If it were not for the small, colorfully lit tree in front of the offices of Millman and Aarons, there would be no color at all.
So who cares least: Town Hall or the Downtown Merchants Association? How much more do red, green and blue lights cost in electricity to add life to the graveyard called Main Street?
There are over 125 miles of roads in Westport. But through November 28 of this year, 6.4% of all reported traffic incidents happened on one small stretch of the Post Road: between Maple and Bulkley Avenues.
That’s the area with no traffic lights, and a couple of dangerous crosswalks. Four pedestrians have been killed there since 2008.
It’s also the spot where a developer hopes to tear down the Westport Inn, and replace it with a 200-unit apartment complex.
“This is not a NIMBY issue,” says a neighbor opposing the proposal. Jan Winston is president of the Lansdowne Condominium complex, across the street and a few yards east of the site.
Winston — a 28-year resident of the condos — points out that directly across from Lansdowne is the former “trailer park.” Now called Sasco Creek Village, it is being modernized — and enlarged. When completed next year, there will be 93 units of affordable housing, up from the current 72.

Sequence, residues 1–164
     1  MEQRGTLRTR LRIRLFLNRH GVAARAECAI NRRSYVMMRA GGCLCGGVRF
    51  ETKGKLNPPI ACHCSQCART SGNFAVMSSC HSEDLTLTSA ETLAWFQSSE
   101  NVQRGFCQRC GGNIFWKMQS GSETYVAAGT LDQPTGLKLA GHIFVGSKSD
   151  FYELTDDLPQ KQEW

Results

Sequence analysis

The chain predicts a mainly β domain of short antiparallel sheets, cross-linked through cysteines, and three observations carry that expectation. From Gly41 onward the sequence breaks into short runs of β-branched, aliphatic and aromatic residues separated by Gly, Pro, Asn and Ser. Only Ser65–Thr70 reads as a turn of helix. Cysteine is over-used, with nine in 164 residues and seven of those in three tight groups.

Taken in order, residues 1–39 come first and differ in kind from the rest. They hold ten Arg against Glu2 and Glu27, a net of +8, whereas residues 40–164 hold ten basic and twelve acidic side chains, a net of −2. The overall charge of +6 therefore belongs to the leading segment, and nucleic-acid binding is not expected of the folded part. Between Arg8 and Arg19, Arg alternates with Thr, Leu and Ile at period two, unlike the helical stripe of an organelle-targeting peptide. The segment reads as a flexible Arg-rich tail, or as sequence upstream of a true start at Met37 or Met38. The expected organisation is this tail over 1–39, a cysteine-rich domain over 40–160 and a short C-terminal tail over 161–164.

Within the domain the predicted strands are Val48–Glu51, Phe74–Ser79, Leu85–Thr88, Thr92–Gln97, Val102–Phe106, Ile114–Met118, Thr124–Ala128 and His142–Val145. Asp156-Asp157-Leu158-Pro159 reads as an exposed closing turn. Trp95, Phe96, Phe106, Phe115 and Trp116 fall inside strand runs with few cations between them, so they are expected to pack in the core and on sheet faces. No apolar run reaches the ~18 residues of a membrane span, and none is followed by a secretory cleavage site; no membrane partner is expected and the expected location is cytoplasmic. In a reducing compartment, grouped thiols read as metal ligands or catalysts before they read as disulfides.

“There hasn’t been a peep from us” about the increased housing across the street, Winston says. “Many residents of Lansdowne fully support” affordable housing.
However, he notes, part of the what is driving the Westport Inn proposal is Connecticut’s Affordable Housing Statute. Known as “8-30G,” it allows developers to add “affordable units” that override local zoning regulations, in towns where less than 10 percent of the housing stock is considered affordable.
“You can’t put another 200 units there,” says longtime Lansdowne resident Mike Turin. “The number of cars accessing and exiting the Post Road in that area will be overwhelming.”
Winston and Turin know there is plenty of opposition to the new plan, for many reasons. Westporters are concerned about the impact on schools, wetlands, sewers and the height of the proposed complex. Winston also acknowledges that Westport is far from the state’s 10% affordable housing mandate.
However, he says, “this particular development — with 373 parking spaces for 200 units — is not the way to get there. It terrifies us.”
He foresees tremendous traffic issues. It’s simply too dense for the 2.4-acre property. Lansdowne, he notes, has 90 units on 34 acres.
So where could the next affordable housing complex in Westport be built?
“I have no clue,” Winston admits. “I don’t pretend to be a surrogate for the P&Z.
“I just want to know 2 things. What are the rules — not only for affordable housing, but safety on this really dangerous stretch of road? And how does the town get to the right goal?”
Westporters take pride in our cutting-edge library. The Maker Space, 3-D printer — if it’s creative and new, Maxine Bleiweis and her staff are all over it.
But sometimes you just need a typewriter.
Again, the library rides to the rescue.
An old IBM Selectric sits all alone in a cubicle overlooking Jesup Green, just waiting for someone to peck away.
Still, the library draws the line somewhere. Long ago, the wooden card catalog went to that great reading room in the sky.
(Hat tip to Fred Cantor)